Work on La Jolla’s Whale View Point sidewalk starts on Coast Blvd.

La Jolla Parks & Beaches chair Ann Dynes poses by the first segment of sidewalk installed by City of San Diego crews on Coast Boulevard.
(María José Durán)

A part of the long-awaited Whale View Point Shoreline Enhancement Project began last week and is expected to be finished in mid-May: the installation of 1,100 linear feet of sidewalk and two pedestrian beach-access ramps along Coast Boulevard south of Cuvier Street.

The budget for the project is $120,000 to $150,000, said Alec Phillipp, City of San Diego public information officer.

The path work is the first structural improvement to the area since the Whale View Point project emerged from the La Jolla Parks & Beaches (LJP&B) board two years ago. Construction started on the sidewalk adjacent to the Wedding Bowl (555 Coast Blvd. South) and is expected to advance south in the coming weeks.

“It’s a victory for La Jolla Parks & Beaches,” said LJP&B chair and project organizer Ann Dynes. “It’s a big deal to get the City to listen to the community, find the funds, spend the internal resources to design it, and get it done right.”

Day 1: Construction starts at the Whale View Point sidewalk construction site, April 4 as City crews block off the space needed.
(María José Durán)

The section of the La Jolla coastline from 274 Coast Blvd. to the northern end of the Wedding Bowl, aka Whale View Point, has had different names in La Jolla history, according to Dynes. But, when LJP&B took over the project, board members decided to make the name, to the name it was referenced in the initial 1889 map of La Jolla.

The installation of the sidewalk has been a hot topic in the community, since preliminary plans didn’t involve adding more concrete along the shoreline.

“When I took over the project, I discovered that because of changing community needs for hardscape, as well as City requirements to comply with Americans with Disabilities Act (ADA), the only sensible thing to put in here, was a sidewalk,” Dynes said, adding, “Maybe the only legal thing.”

After heated debate, LJP&B decided to go for a six-foot sidewalk. In the final design, 100 feet in front of 375 Coast Blvd. is shown as a 4-foot-wide transition. At both sides of this section, the ADA-compliant ramps will be installed. Both ramps will have a 7.7 percent slope, handrails and concrete slabs to transition to existing infrastructure.

Some of the existing concrete benches will be relocated, Dynes said. Also, City crews will replace sunken sections of curb and gutter as needed, and damaged street panels will be replaced.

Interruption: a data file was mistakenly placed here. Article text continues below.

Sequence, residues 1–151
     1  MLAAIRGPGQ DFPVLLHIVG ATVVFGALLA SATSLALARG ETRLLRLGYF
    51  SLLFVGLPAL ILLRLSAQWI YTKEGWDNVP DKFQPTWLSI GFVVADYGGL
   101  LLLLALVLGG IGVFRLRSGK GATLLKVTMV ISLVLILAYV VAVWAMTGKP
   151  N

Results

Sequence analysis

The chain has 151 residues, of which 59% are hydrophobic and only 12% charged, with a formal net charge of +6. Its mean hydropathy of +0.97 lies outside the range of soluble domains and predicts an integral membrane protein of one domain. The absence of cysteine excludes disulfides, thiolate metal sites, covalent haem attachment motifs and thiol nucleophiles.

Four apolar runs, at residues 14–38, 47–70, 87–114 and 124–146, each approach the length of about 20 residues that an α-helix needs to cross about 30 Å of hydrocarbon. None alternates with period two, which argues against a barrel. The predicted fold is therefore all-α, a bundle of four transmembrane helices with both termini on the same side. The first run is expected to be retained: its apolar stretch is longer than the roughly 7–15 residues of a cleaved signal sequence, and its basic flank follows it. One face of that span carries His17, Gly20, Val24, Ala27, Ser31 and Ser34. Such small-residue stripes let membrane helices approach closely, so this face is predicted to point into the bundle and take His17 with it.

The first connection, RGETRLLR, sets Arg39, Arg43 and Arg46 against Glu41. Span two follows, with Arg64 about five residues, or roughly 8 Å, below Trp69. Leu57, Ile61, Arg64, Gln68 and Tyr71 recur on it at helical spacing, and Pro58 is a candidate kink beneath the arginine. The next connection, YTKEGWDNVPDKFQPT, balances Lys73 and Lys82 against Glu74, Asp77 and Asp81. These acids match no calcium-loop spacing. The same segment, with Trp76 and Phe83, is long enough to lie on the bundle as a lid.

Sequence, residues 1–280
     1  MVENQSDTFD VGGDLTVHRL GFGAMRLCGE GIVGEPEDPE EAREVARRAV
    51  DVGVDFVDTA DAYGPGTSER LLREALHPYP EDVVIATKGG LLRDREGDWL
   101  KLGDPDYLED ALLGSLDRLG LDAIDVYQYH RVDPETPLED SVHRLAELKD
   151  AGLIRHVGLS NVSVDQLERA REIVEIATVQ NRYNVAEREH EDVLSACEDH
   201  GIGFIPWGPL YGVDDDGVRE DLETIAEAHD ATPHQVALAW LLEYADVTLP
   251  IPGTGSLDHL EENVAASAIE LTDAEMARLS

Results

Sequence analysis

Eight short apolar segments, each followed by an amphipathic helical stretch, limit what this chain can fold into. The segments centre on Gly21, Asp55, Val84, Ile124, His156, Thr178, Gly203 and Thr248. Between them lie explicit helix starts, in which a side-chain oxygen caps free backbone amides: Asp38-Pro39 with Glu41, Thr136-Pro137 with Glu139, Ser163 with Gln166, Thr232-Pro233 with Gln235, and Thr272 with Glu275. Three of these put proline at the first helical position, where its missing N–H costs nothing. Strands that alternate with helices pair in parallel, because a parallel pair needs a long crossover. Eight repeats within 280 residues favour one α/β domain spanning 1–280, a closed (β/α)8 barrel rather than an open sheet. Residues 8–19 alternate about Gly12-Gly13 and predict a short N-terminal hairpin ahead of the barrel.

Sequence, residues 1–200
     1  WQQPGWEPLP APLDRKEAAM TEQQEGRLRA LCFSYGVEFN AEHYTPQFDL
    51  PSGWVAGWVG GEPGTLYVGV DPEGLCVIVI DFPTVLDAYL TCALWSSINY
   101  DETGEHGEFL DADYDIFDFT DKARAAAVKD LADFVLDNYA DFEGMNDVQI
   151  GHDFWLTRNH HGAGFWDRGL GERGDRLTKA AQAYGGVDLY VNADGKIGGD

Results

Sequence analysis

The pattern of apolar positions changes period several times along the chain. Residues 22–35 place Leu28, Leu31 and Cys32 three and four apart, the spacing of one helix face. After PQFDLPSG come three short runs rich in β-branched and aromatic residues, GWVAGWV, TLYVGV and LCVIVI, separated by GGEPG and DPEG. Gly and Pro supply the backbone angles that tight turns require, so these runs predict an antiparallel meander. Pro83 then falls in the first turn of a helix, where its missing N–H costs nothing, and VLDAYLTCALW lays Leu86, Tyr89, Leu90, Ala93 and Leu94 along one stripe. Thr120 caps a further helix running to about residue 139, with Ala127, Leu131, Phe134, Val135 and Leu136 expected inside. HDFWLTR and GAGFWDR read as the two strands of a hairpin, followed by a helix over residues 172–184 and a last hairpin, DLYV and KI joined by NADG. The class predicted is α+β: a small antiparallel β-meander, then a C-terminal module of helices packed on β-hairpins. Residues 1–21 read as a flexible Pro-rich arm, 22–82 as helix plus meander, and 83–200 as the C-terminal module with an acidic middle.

To make it all happen, LJP&B asked the City to include the sidewalk project in the capital plan priorities for La Jolla.

“For the last two years, I’ve been regularly in touch with the department designing it, and ultimately, commissioning it to be done. With help from (former City Council member) Sherri Lightner’s office, funds were identified to pay for it,” Dynes explained.

Day 2: Construction workers pour the concrete on the first section of the new Whale View Point sidewalk in La Jolla.
(María José Durán)

She became involved with the project while attending LJP&B meetings as a citizen. “At a meeting, two years ago, the Whale View Point Project was presented and I stood up and said, ‘That’s something I would really like to work on!’ ” Dynes recalled. She has since become a board member, and in March, became president of LJP&B.

The Whale View Point Shoreline Enhancement project has had many phases, and smaller pieces of work were completed. Among them, the beautification of the Wedding Bowl, the installation of ropes and signage to allow native vegetation to grow and the replacement of the old blue trash can lids for ones of a pale, “more natural” color.

“(So far) I’ve done what I consider the low-hanging fruit,” Dynes said, pointing out the sidewalk is the start of the structural improvements she wants to see done, along with new picnic tables. “On some of the benches the rebar is peeking through,” she added.

The initial project also included area enhancements that have been rejected by the City, such as the installation of a stencil-painted whale on the sewage pump station and the elimination of parking on the west side of the corridor.

However, Dynes told the La Jolla Light she hasn’t given up yet.

“I’m going to circle back at some point,” she said. “I’m waiting for the Maintenance Assessment District (MAD) to get underway. With a MAD, and the promise to restore the whale (painting) when it needed to be restored, the City would have to come up with another excuse for not letting me do it!”

Day 3: As the Whale View Point sidewalk concrete settles, tourists use the adjacent roadway as an alternative route.
(María José Durán)